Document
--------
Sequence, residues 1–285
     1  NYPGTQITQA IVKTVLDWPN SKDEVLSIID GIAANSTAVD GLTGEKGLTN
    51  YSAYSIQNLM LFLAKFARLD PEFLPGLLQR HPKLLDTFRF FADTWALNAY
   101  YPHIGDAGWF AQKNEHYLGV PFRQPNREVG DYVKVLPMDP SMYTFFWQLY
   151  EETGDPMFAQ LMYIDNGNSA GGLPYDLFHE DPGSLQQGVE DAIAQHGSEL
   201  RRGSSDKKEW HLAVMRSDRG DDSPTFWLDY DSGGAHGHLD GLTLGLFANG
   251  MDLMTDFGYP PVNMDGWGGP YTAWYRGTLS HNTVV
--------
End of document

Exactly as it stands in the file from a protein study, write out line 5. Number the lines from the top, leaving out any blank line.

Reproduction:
   151  EETGDPMFAQ LMYIDNGNSA GGLPYDLFHE DPGSLQQGVE DAIAQHGSEL